In comparison to how excited I was upon reading the synopsis, the actual experience of reading this novel sort of fell short. The plot is undoubtedly quite intriguing with its hint of mystery, promise for politically driven action and supernatural element. I even enjoyed reading in the tone that the author adopts, to sell the story based in a monarchical society in Scotland. Her writing style is very foreign and at times, I couldn’t wrap my mind around certain usages or terms which were probably meant to compliment the culture she is bringing to life. Nevertheless I really did like Nancy Springer’s style of storytelling.

So you must be wondering, what then didn’t work for me? When I take apart the book and consider individual aspects of it, I am able to appreciate all of it a lot more. But somehow, put together, it didn’t convince me entirely. There was no gripping-factor. I merely kept reading, because of the setting and the author’s writing. I have always wanted to read more books set in Scotland. This one with its descriptions and talk of royalty had me disappointed because of all the underutilized potential.

The characters do play their part sufficiently well, but not enough to have me swooning. My favourite character arc has to be that of King Bardaric, because of the understandably extreme tangents he goes through. I was often confused by the equation between Prince Aric and Albaric. At some point, I started thinking that theirs would be a romantic relationship. I just didn’t connect with anyone. And so, while I had a tolerable reading experience, I wouldn’t particularly recommend this book. It’s not horrible, but there are way too many better fantasy fiction for you to peruse.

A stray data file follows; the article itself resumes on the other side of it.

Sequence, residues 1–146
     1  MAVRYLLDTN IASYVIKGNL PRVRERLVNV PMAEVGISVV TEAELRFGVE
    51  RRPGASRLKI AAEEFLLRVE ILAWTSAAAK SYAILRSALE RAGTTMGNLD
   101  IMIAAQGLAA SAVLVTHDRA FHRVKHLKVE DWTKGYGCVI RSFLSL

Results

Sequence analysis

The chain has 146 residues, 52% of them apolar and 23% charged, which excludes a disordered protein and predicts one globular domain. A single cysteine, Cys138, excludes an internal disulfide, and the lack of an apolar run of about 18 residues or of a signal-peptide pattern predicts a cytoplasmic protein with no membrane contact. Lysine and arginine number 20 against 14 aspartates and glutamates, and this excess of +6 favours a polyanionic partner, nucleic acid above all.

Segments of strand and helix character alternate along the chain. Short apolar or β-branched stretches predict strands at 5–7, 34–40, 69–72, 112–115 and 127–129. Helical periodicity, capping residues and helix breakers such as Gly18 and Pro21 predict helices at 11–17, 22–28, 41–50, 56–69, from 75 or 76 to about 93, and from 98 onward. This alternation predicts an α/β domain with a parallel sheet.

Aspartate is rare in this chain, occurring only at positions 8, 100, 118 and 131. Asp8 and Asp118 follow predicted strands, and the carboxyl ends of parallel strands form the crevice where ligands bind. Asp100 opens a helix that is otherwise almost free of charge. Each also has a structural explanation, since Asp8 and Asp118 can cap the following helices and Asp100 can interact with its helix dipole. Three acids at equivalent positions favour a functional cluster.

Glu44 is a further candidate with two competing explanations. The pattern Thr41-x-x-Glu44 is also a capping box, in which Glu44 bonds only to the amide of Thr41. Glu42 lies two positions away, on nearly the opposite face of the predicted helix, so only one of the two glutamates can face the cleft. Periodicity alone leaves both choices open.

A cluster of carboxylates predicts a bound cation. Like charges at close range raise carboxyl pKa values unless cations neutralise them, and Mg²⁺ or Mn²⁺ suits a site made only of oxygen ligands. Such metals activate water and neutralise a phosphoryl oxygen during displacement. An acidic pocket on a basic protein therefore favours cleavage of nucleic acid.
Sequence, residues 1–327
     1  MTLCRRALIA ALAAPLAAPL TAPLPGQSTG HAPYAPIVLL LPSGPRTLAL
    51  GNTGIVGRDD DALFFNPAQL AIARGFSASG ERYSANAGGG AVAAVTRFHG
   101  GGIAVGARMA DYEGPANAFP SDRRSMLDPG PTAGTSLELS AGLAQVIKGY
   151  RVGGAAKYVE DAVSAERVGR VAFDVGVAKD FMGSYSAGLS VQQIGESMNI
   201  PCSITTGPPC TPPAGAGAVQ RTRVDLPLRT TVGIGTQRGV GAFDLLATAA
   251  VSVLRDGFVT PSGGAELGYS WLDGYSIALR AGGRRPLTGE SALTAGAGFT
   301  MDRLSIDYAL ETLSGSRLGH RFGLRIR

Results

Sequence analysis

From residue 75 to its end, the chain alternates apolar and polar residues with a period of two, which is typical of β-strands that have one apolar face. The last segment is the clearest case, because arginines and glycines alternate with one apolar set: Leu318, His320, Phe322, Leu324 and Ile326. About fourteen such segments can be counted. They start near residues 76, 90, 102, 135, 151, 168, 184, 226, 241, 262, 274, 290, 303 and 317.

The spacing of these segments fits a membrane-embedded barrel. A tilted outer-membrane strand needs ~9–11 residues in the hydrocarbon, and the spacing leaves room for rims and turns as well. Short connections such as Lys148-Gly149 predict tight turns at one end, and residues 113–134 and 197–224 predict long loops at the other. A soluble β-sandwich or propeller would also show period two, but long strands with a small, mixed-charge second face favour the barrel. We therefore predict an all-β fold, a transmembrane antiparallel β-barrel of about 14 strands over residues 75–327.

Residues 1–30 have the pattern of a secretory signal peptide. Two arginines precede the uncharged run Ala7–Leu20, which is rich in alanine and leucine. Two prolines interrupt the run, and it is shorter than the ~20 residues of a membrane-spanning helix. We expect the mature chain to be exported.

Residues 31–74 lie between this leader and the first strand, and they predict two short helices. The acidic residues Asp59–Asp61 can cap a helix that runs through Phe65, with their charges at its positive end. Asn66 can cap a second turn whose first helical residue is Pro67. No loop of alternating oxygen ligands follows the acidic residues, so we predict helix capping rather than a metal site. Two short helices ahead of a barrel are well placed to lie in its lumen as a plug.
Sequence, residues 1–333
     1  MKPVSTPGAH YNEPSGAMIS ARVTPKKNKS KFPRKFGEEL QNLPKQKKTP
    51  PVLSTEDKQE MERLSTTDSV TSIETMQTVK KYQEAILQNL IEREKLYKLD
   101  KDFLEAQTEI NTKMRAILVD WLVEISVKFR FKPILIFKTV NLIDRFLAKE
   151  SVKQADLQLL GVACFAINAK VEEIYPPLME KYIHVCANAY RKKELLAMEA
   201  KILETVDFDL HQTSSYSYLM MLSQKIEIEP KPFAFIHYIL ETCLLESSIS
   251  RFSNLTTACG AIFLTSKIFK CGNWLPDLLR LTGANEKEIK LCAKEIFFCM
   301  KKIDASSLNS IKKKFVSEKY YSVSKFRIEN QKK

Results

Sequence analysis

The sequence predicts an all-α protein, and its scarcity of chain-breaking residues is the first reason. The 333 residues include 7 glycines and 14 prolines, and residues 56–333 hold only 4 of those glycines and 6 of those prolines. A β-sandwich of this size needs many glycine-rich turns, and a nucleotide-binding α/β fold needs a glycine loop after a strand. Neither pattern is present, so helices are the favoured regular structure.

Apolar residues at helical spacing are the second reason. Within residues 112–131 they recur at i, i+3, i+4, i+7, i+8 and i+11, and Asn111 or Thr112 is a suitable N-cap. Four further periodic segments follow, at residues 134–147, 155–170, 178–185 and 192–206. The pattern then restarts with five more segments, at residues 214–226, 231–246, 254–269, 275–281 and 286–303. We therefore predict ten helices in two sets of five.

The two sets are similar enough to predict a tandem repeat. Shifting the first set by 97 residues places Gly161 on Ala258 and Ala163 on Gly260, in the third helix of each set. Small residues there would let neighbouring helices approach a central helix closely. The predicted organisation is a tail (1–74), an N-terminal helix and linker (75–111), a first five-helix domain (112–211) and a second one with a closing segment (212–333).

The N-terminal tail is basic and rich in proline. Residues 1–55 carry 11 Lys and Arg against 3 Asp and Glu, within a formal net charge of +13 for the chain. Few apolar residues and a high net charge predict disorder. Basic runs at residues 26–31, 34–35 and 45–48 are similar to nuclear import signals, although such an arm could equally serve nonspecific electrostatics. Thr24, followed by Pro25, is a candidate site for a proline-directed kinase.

Ratings – 3 out of 5 stars

What do you get out of it? An adventurous YA story set in Scotland that has tons of courtly drama and some supernatural elements too.

Thank you Tachyon Publications for giving me access to this eARC via Edelweiss in exchange of an honest review. 

Book Review — Children of Blood and Bone by Tomi Adeyemi

Image Courtesy – Goodreads

Tomi Adeyemi’s Children of Blood and Bone glimmers with the magic that is at the core of its story.

It has been over a decade since Orïsha thrived with the magic of its 10 maji clans. The day that King Saran snipped their connection to the gods and doused out magic is all too clear in Zélie Adebola’s mind, for that’s the day they killed her mother and broke her family. Now, years of hating the monarchy has given rise to an unwavering flame of vengeance and desire for equality within her. But doubt in her capabilities soon creeps in when she’s presented with the golden opportunity to revive Orïshan magic. A royal fugitive holds the key to awakening their gods and imbuing the diviners with renewed purpose. But the path towards freedom is mired in sacrifices and trusting the unknown. Will Zélie, along with her brother and the runaway be able to lead her people, when she can’t fathom how to control her magic?